Cycling at the 2012 Summer Olympics – Men's road time trial
|Men's road time trial
at the Games of the XXX Olympiad
Winner Bradley Wiggins as he approached Bushy Park, 2 km from the finish line.
|Venue||London and Surrey|
|Competitors||37 from 31 nations|
|Cycling at the
2012 Summer Olympics
Each nation in the top 15 of the 2011 UCI World Tour, top 7 of the UCI Europe Tour, top 4 of the UCI America Tour, top 2 of the UCI Asia Tour and leaders of the UCI Oceania and Africa Tours qualified to have one rider in the race. In addition, ten nations gained an extra rider through the performance of their riders in the 2011 UCI World Time Trial Championships; these were Germany, Great Britain, Switzerland, Australia, Netherlands, Kazakhstan, Denmark, Spain, Sweden and Canada. The United States were given an extra rider at the expense of Luxembourg, who were not represented in the race.
The defending champion in this discipline was Fabian Cancellara of Switzerland. He was expected to mount a strong challenge, but crashed heavily in the closing stages of the Olympic road race, initially putting his participation in the time trial in doubt. Scans revealed that he had avoided breaking his collarbone for the second time in the season, though, and he started in the time trial.
The winner of the 2012 Tour de France, Bradley Wiggins of Great Britain was also considered a big favourite, having won seven previous time trials in the 2012 season, and was looking to add to the six Olympic medals he has won on the track. World Champion Tony Martin of Germany was tipped as an early favourite, but had suffered an injury-wrecked season, and pulled out of the Tour de France in an effort to be fit for the Olympic race.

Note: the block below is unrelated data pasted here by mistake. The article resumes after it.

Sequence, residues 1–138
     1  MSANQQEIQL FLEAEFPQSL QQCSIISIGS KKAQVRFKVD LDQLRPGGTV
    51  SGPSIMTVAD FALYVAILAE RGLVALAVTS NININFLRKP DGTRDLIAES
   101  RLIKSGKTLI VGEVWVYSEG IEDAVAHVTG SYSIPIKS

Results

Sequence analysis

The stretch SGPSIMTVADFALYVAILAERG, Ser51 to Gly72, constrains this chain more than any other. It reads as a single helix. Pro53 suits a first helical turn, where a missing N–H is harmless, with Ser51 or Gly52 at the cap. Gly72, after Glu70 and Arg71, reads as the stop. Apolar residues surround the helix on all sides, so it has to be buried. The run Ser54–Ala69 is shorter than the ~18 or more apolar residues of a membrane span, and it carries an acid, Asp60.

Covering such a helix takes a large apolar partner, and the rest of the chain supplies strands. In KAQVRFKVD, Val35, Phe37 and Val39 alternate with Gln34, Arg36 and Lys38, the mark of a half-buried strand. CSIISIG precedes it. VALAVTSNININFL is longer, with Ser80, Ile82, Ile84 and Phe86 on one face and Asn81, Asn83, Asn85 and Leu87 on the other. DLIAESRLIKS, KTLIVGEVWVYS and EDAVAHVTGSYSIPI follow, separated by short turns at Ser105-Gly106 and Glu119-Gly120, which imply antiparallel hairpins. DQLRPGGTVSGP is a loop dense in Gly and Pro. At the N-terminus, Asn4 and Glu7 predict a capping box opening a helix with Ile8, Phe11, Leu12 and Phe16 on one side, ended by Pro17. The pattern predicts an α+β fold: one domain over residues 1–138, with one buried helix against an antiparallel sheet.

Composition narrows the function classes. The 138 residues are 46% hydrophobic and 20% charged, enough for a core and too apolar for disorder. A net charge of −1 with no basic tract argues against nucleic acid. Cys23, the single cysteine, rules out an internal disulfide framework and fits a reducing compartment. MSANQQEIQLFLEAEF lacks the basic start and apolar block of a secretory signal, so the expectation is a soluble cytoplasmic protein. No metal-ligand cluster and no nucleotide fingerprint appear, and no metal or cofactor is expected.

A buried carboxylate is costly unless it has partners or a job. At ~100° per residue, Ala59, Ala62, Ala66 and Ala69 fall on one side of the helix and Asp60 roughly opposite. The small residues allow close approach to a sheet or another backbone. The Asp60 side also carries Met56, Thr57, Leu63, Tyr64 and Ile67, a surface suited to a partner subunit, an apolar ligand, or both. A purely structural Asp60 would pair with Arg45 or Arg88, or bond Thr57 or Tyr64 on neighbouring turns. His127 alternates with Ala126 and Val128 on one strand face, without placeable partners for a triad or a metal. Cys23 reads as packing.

Of the other contenders, Wiggins' British team mate Chris Froome showed strong form at the Tour de France, where he finished second overall and second to Wiggins in two time trials. Another of Wiggins' trade team mates, Michael Rogers, the 2003–2005 time trial world champion represented Australia, with 2011 Tour de France winner Cadel Evans electing not to start due to fatigue. Young American Taylor Phinney, who won the opening time trial of the 2012 Giro D'Italia represented the United States. Sylvain Chavanel was the sole French rider, along with Luis León Sánchez of Spain and Marco Pinotti, winner of a time trial in the Giro, who represented Italy.
The competition consisted of a time trial over one lap of a 44 km (27.3 mi) course, with staggered starts.
|Wednesday 1 August 2012||14:15 (BST)||Final|
The entry list was published on 1 August.
- "Olympic sport competition schedule". London 2012. Retrieved 2012-03-15.
- "Bradley Wiggins wins Olympics gold in cycling time trial". BBC Sport. 1 August 2012. Retrieved 28 November 2012.
- Fotheringham, William (1 August 2012). "Bradley Wiggins wins time trial gold to become Britain's most prolific Olympian". Guardian UK (London). Retrieved 28 November 2012.
- "Wiggins makes history as Britain wins first golds at London 2012". CNN. 1 August 2012. Retrieved 28 November 2012.
- "Wiggins rides into history in Olympic time trial". Cycling News. 1 August 2012. Retrieved 28 November 2012.
- Skretta, Dave (31 July 2012). "Cycling: 'Hard-man' Fabian Cancellara likely to defend time-trial title". The Independent (London).
- "Time Trial competition format". London 2012. Retrieved 2012-05-02.
- "London 2012 Olympic Games: Men's time trial start list". cyclingweekly.co.uk. 24 July 2012.
Media related to Cycling at the 2012 Summer Olympics – Men's road time trial at Wikimedia Commons